Deeper field, new format could create an NCAA postseason for the books

Congressional Country Club

Deeper field, new format could create an NCAA postseason for the books

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Deeper field, new format could create an NCAA postseason for the books

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The NCAA Division I postseason this year is already historic for women’s golf, and the first shot hasn’t even been struck. Match play makes its debut in the NCAA Women’s National Championship, but before possible pandemonium breaks out in the final days at Concession Golf Club in Bradenton, Fla., there is regional competition to consider.

Like the national championship, regional formats also have a much different look and feel for 2015.

Regional competition grew this year from three sites to four. The women’s game made the change from two to three regionals in 2001, and before that, the two regional competition sites were introduced in 1993. Before 1993, the committee (or the rankings) simply determined the best teams, and thus who would play in the postseason.

It’s easy to see how the game has evolved in the past 30 years. Given that history, the changes made to the game this year create a jump that is bigger than any the game has ever seen.

The women’s game is ready to evolve more and the change we might witness at the NCAA finals could turn things upside down. First, let’s look at some facts that support the depth in women’s college golf. The power rating found in the Golfweek/Sagarin College Rankings shows that increasing depth.

During the 1999-2000 college-golf season, the power rating of the 60th-ranked team was 78.40. This year, the No. 60 carries a power rating of 74.40. That’s not even the most important number. The difference between No. 60 and No. 1 shows us how much the field has tightened.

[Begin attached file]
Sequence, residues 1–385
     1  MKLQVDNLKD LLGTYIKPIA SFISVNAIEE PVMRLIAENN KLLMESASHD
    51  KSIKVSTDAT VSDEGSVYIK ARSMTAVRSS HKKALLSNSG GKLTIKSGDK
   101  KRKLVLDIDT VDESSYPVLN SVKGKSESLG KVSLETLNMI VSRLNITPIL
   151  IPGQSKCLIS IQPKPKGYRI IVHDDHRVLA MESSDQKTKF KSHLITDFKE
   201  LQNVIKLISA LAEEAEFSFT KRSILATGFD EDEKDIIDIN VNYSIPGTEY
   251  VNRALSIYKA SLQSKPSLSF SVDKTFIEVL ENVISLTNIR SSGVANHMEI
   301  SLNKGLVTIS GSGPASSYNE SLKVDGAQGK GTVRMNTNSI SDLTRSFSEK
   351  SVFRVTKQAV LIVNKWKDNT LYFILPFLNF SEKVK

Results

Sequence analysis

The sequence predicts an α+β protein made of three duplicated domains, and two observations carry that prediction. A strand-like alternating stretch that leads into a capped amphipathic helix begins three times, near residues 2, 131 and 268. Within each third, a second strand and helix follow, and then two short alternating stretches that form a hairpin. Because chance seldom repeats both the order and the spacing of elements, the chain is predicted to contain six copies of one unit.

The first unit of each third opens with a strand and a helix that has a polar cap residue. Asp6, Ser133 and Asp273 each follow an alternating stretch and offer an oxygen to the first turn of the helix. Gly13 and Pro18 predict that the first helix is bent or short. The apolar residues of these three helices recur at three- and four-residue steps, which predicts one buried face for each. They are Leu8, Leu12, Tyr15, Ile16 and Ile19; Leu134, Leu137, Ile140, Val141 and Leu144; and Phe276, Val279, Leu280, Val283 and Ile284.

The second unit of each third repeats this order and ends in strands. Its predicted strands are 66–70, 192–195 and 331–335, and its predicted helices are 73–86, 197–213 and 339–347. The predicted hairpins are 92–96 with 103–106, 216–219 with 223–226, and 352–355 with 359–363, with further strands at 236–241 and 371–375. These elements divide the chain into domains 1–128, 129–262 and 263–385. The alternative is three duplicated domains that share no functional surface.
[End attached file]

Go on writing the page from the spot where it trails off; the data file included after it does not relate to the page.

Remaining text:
The difference in power rating points between No. 1 and 60 in the 1999-2000 season was 5.92, and this year it is 3.34. When you multiply that difference, 2.58, by four (the number of counting scores per team), you’re left with 10.32.

What does that number represent? It means the gap between No. 1 and No. 60 has closed by more than 10 shots per round.

Plenty of teams with double-digit seeds have advanced over the past 15 years and that’s likely to continue. But how, exactly, will moving from three to four regionals change the game?

The biggest change is that it allows the entire field to play in the same wave and will eliminate tee time as a factor in whether a team advances or not.

The men, which went to six regionals in 2009, are still trying to figure out if it’s better to have more regionals with fewer spots or fewer regionals with more spots. However, the undeniable benefit to adding more regionals is that all teams will play in the same wave, which results in a tournament that runs much more smoothly and fairly because all teams will face the same playing conditions.

What we do know is that with fewer spots available, there is far less room for error. It’s much more difficult to recover from one bad round or even a shaky nine holes.

This week, 18 women’s teams will compete at four different locations with the top six teams advancing from each site. This will result in the usual 24-team field at the national championship. From there, the top eight teams after 72 holes of stroke play will be slotted into a match-play bracket from which the winner will be determined.

It’s important to note that for more than 40 years, the women’s national champion has been crowned at the end of 72 holes of stroke play. This year, that team, along with seven others, will then have to win three head-to-head matches in two days to take home a trophy.

That said, it’s going to be a long week.

Still, this year will be interesting because there is no clearly dominant team. Again using the Golfweek/Sagarin power ratings, the margin between No. 1 and No. 24 is the smallest we have ever seen.

Just 1.76 power rating points separates No. 1 Washington from No. 24 UNLV, and top-ranked Washington’s number is even a little bit misleading. Washington played the first half of its season with a slightly different lineup. Head coach Mary Lou Mulflur’s top two players left school early to turn professional, so the number is even smaller.

The only other year the power rating was less than 2.00 was in 2010, when Purdue won. Purdue was a legitimate national champion, but also finished the year ranked No. 7 – the lowest ranking we have seen a national champion carry in women’s golf.

So here we go. Prepare for a lot of change this year, and with as much parity in women’s college golf as we have ever seen, it appears we should be ready for just about anything.

The chart below lists the power rating for the No. 1 team and the No. 24 team in the Golfweek/Sagarin College Rankings for each season.

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